CBS became my baby, and I looked after that system as well as fulfilling my other responsibilities until I left the company. This project exposed me to various departmental and retail systems, as well as the intricacies of IBM's System Network Architecture (SNA), and VTAM programming.

    At John Lewis, we were all encouraged to get a good understanding of business processes, the retail trade, and good shop-keeping. The Partnership is based on democratic principles, and I got elected onto the council that represents the workers in the company's central offices.

    Oracle Corporation UK Ltd

    After JLP, I worked for thirteen years for Oracle, a major software company. I was doing technical presales work in the Finance sector to start with. I then got kidnapped by aliens, ending up doing a four year stint on the Oracle support desk, as a Mainframe, Database and Tools specialist. That lead to me being invited to join Corporate Presales, a core team of technical experts who augmented the presales resources in the field with specialist support.

    During those days, I obviously learned the Oracle technology stack, and built a huge number of systems, including a number of websites, based on it. The job also involved learning a number of different operating systems, and during my time there, as well as continuing to use IBM mainframe operating systems, I learned VAX/VMS, GCOS7, WANG/VS, ICL VME, IBM OS400, various flavours of UNIX, LINUX, MAC/OS, and of course various flavours of Windows and PC UNIX. I also got involved with a number of different network protocols, most of which have now disappeared in favour of TCP/IP.

    I was the webmaster of the Oracle UK Presales website, which was a very valuable resource to the presales community. Most of the website content was dynamically generated from content in the database, and so I taught myself HTML, Javascript, and the PL/SQL Web Toolkit. This was before the days of the Oracle Application Server, and all the code was hand-crafted.

    I taught myself Object-Oriented programming, mainly using Java. Check out the Games Section for some of the stuff I have done with Java.


    I spent the next four years working for Capgemini, a large IT Consultancy, where I was a senior Oracle specialist (Applications Architect) in the Technology Services Oracle Solution Center, based in London. My job was to lead in the technical design, development and deployment of business solutions based on Oracle technology, and this can range from high-level strategy studies to bespoke coding of solutions. I have also been involved in recruiting new people, training, and mentoring, so it's not all technology oriented.

    Rule Financial

    Capgemini and I parted Company at the end of May 2006. After taking a glorious summer off, I started looking for my next role in September, landing a position of Senior Consultant with a small but very successful specialist privately owned City based consultancy called Rule Financial. They specialise in solving business and technical problems for City clients in the finance sector. That lasted just over four years, and I left at the end of February 2011 to join ...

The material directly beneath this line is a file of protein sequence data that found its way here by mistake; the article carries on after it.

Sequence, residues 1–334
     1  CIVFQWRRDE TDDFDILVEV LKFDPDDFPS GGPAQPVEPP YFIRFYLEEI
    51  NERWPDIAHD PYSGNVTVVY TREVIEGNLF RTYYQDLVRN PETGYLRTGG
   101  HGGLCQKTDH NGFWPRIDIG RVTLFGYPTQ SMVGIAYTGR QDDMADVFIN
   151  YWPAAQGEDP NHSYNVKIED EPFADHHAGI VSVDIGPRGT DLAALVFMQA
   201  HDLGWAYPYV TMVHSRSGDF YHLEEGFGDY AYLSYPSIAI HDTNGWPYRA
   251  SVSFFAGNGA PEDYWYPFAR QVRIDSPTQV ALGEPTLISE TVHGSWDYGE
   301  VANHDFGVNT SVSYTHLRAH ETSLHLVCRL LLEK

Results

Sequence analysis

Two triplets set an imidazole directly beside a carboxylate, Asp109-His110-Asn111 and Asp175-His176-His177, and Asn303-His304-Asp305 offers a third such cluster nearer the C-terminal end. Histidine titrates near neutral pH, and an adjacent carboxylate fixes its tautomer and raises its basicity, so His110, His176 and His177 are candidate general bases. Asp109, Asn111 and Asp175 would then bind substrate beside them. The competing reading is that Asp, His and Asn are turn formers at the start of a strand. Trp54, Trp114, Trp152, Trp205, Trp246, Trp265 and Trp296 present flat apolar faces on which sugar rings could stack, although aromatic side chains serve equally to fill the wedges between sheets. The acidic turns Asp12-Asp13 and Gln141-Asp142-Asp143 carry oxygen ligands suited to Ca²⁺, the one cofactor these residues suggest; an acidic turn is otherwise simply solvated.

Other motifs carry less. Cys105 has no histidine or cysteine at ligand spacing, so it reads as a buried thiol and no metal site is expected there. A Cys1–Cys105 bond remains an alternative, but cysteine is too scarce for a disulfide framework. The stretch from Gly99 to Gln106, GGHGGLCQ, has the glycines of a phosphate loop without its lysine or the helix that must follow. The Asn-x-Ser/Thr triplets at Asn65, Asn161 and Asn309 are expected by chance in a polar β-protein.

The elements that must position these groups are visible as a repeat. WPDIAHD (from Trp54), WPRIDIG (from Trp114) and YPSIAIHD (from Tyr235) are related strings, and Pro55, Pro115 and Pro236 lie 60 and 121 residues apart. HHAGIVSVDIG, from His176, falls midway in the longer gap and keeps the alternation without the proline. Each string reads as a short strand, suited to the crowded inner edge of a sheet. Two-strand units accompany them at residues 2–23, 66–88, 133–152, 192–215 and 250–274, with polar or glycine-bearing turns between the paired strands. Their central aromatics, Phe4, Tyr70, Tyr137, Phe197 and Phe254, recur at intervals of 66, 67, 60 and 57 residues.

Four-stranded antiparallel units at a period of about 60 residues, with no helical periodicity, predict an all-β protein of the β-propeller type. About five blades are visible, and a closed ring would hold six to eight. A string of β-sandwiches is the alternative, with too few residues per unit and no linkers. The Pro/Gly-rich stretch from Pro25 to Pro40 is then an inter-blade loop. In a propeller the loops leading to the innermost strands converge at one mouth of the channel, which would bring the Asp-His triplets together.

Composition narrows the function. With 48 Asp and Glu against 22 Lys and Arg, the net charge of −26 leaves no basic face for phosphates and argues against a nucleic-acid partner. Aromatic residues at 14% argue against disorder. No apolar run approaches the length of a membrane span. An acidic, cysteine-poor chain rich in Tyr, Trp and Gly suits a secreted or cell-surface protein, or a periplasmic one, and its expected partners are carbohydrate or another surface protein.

Transport for London

    Here I am one of four Senior Solution Architects in the TfL Information Management (IM) Department. I am responsible for providing Solution Architect resources to projects in the London Underground protfolios. To do this I have a combination of Permanent, Contract and Consultancy resources to call upon.

    The department can have as many as 160 projects in-flight at any one time, and so Solution Architect resource has to be shared across these activities.

    Other Interests

    My other interests include Go (a Japanese board game), watercolour painting, drawing, films, photography, DIY, real ale, reading, and keeping in touch with my friends around the world, for which the internet is a great boom. How did we manage without it ?

    I am on Yahoo Chat quite often, where my handle is Origami Mark

    I enjoy playing around with technology generally.

    I have added a secure area to the site using PHP and MySQL, so that I can manage the dynamic content without having to use the rather crude tools provided by my ISP. In fact several other pages on this site are now generated dynamically from content in the database, including the menu at the top of the screen, the Java page, the Links page, the Origami pages, and so on.

    Cascading Style Sheets (CSS) have caught my eye recently. Quite a few websites I have seen use them to great advantage, and so I have decided to give them a try. By concentrating all the formatting rules into a common .css file it is possible to control the look and feel of the whole site from one place, which makes maintenance and experimentation much easier. Style-sheet rules permit many more effects than are available with HTML without having to resort to JavaScript or Java. Take a look at the Feedback page to see how an HTML form can be changed, for example.

    But guess what ... different browsers support different levels of CSS ! This means that if you implement every whistle and bell available in the specification, the browser used by most of your users will not render the page in a very nice way. I found out the hard way that Internet Exploder (IE) isn't very strict at all about enforcing the specification, whereas Firefox is. As a result, my pages with full CSS looked lovely in IE, but crap under Firefox. The lovely thing about standards is there are so many to choose from !


    If there is anything you would particularly like to see here, feel free to let me know via the feedback page.

    This site © 2017 Mark Plant